2335 McCoy Road
The first photograph I made of the structures at 2335 McCoy Road was in the early afternoon on January 8, 2009, during a quick visit with my wife, Wendy. It is a digital photo of the Produce stand—an illusive subject that confounds me to this day.
I recall tiptoeing around the barn in a state of wonder and awe. It seemed so out of place there so close to the road surrounded by the constructed skeletons of new Toll Brothers homes. And, yet, we (my wife and I—and the homes) seemed so out of place there, as well: interlopers, voyeurs, rubberneckers gawking at this ruin and that degradation, making up stories about what happened and who had owned it and how they could let this happen. Over time, feelings of trespass transformed into respect.
Since that January afternoon I have recorded more than 1,000 digital photos of the barn and the surrounding landscape, first with a Panasonic DMC-FZ50 and then a Nikon D90. I have made many hundreds of analog photos using a Polaroid 250 Land camera, two different Polaroid instant cameras, a Canon AE-1, three Holgas, a Diana F+, a Golden Half, a Kodak Brownie box camera, and a Happi Time 127 camera.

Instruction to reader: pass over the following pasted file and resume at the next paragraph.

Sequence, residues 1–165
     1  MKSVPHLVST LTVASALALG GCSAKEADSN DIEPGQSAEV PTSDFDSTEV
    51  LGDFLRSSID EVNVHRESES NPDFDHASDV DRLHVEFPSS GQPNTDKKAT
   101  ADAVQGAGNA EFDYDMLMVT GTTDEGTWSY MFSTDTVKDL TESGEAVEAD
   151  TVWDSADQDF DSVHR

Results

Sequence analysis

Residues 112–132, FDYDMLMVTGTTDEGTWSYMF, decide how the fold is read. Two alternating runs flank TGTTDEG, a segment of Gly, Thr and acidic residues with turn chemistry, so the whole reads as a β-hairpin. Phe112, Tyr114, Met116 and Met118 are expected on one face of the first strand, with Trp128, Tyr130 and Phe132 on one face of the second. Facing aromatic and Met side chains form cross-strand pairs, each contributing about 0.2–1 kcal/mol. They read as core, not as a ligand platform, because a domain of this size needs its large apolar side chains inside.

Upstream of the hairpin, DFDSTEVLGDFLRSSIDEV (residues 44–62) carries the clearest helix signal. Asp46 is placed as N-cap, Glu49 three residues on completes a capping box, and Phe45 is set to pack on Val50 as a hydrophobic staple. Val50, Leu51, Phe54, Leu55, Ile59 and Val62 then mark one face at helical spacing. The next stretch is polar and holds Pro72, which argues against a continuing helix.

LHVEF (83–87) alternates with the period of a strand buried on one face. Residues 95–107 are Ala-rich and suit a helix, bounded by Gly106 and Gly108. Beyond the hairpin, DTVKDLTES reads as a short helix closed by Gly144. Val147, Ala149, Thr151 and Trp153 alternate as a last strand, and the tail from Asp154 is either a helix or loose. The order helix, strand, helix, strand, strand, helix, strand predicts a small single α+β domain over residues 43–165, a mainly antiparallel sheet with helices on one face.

I have recorded it at all hours of the day and night, in rain, snow, blistering heat, and blankets of fog. I have been to the state archives to research the history of the land (the first recorded structure was built there in 1698—hundreds of years before there was a road). During that time I watched the barn go from a relatively sound building to one with gaping holes in the north and south ends caused by violent winds. The tin roof began to blow off and then sag under the weight of feet of snow. And then I photographed it as it was razed to the ground on a hot summer afternoon.
The sixteen photographs in this exhibit represent that transition. The Polaroid photos were made using expired Chocolate peel apart film and the others were made using vintage and toy cameras. Photographing the barn so often revealed the importance of matching the media with the subject matter. The digital images, while nice and sharp, were missing something—a grit, a graininess, a way of capturing not only the subject but also the history sedimented within. Adding grain in Photoshop could never capture such sedimentation—and these photos have only had minor edits to remove dust and burn in shadows. The color in the Polaroids matches the originals as closely as possible. They are all full-frame with no cropping.
Most of these photographs would not have been made possible without Jim Cammock, Sr., owner of the property and Construction Unlimited, the company that is restoring the barn. I cannot thank him enough for the access he gave me to the property and the graciousness that he, his family, and his employees showed me.
7 October 2011
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You can see photos of the show opening at and how the images look on the wall at http://j.mp/2335McCoy-open.